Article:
I was inspired recently by a talk at the online Bookseller Children’s Conference, where the founders of small, independent publishing company Magic Cat discussed how they have navigated 2020 with all the unexpected challenges it has brought.
As part of their response strategy to extraordinary times, Magic Cat owners Rachel Williams and Jenny Broom put together a ‘balance board’ showing the things they could not control, such as bookshops closing their doors and the impossibility of international travel; and those that they could control, such as the quality of books produced by the company and creating a refreshed, thoughtful, business-savvy digital presence. What can writers learn from this, during the pandemic and beyond?
You’ve got the power
It’s useful to start by thinking about our own power – and remembering that we have some! For all the things we can’t control (how an agent or editor responds to our work, whether people will buy our books, what reviews may be like) there’s something in counterbalance that we do have the power to curate or develop – or even ditch, if it’s no longer serving us. We can, for example, create a new daily routine that prioritises a restorative walk; schedule time to update our book listings for PLR to help boost income; or take a break from social media to help preserve precious writing time.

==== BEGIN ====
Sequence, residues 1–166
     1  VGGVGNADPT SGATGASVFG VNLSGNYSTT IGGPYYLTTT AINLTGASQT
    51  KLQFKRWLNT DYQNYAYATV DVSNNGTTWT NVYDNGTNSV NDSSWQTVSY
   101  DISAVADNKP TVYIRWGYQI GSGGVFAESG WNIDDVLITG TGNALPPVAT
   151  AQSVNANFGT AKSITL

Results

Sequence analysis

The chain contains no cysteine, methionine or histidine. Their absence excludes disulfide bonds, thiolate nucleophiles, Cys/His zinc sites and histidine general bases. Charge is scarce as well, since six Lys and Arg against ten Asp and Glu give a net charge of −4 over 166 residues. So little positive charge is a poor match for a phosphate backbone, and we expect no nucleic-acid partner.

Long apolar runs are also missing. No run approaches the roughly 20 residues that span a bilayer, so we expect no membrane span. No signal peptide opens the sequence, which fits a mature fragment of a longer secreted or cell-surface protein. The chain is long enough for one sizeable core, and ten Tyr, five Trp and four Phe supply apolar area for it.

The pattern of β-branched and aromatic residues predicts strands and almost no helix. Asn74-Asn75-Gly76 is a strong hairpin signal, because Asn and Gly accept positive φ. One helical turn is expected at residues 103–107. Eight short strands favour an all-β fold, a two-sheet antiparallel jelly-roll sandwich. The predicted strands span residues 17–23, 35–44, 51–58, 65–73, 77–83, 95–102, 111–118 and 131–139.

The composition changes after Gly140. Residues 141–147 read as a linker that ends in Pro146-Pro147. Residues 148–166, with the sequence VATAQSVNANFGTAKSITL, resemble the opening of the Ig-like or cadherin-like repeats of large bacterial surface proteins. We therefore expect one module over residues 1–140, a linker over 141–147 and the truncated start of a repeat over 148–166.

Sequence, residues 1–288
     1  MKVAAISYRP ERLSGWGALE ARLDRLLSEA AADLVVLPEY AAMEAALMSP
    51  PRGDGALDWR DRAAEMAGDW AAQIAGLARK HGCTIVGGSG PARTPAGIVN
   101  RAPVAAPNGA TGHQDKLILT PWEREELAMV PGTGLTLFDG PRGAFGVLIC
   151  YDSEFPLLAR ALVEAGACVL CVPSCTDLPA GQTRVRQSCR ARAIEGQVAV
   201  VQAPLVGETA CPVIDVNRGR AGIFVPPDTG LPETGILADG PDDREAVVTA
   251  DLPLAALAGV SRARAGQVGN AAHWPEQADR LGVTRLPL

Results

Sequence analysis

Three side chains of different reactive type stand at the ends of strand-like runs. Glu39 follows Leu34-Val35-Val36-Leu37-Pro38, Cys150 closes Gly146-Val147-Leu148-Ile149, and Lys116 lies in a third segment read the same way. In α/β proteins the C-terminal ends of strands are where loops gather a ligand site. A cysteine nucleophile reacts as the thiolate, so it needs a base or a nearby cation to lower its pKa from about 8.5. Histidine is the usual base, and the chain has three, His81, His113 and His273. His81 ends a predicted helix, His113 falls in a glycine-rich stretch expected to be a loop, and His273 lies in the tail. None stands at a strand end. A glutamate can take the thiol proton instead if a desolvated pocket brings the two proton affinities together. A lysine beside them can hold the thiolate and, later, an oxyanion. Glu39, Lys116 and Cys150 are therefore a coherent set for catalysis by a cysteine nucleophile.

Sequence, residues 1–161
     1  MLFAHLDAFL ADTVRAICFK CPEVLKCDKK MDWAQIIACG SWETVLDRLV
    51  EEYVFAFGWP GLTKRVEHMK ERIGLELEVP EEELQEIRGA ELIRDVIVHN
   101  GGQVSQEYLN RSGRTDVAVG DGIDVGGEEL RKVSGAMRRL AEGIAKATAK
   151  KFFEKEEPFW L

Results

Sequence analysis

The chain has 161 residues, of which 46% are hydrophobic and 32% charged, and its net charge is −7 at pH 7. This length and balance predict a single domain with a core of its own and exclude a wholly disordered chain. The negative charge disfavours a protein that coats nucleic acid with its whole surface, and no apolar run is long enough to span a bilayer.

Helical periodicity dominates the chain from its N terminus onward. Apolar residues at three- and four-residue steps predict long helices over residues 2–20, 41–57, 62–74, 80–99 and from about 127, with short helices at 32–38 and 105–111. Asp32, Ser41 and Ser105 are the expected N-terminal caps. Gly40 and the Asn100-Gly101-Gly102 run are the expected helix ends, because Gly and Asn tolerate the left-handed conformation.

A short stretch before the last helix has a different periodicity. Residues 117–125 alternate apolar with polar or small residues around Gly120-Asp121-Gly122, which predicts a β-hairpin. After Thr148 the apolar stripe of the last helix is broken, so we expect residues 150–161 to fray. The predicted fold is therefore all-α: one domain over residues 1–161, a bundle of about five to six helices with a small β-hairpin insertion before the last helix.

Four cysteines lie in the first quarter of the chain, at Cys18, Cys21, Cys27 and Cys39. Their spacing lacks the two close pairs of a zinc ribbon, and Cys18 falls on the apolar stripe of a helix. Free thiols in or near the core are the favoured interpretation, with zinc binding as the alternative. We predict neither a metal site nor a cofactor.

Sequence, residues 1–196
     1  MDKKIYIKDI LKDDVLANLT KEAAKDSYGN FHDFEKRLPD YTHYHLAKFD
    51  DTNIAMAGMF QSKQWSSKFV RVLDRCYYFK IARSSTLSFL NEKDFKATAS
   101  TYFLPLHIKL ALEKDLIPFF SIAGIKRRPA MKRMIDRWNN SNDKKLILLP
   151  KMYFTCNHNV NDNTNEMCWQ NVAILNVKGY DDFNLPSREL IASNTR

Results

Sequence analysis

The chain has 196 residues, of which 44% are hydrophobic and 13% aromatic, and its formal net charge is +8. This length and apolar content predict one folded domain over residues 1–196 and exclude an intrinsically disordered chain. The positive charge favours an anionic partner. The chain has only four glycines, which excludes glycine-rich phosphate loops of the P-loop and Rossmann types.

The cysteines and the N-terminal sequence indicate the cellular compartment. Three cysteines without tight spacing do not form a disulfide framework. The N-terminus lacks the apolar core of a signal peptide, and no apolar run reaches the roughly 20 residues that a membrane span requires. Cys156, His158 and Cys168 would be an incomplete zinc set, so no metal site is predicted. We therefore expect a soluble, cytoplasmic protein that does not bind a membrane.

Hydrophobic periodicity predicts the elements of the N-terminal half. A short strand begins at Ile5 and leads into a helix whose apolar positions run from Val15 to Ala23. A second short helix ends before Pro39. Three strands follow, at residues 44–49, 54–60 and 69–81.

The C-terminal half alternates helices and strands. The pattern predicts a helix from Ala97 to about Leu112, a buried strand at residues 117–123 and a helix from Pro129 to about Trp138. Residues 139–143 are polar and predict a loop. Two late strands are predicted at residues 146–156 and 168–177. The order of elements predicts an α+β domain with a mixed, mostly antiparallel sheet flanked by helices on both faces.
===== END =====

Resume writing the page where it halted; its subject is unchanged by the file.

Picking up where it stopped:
A better balance
A second useful strand is balance – a concept that’s rarely held up to the light and acknowledged as the incredibly difficult thing that it is for humans to achieve, either physically, emotionally or on a practical level.
We learn the basics as toddlers, falling often, seeking comfort, trying again and eventually (if we are lucky) becoming proficient at standing, walking, jumping, hopping, skipping and running; and perhaps later on cycling, dancing or skating.
Learning and growing
As adults we amass an amazing range of ‘balance skills’ across all areas of our lives but, when something’s askew, it is all too easy to heap criticism on ourselves. But without wobbles and muddles we would never adapt, learn and grow. We’d stay static, afraid – and how then can creativity flourish?
If you’re in a jotting mood, write down how you’ve shaped your writing life as external circumstances and your own obligations and aims have changed; how you’ve identified competing forces, reviewed priorities and adjusted routines. You may be better at balance than you think.
Image credit: Nicollazzi Xiong at pexels.com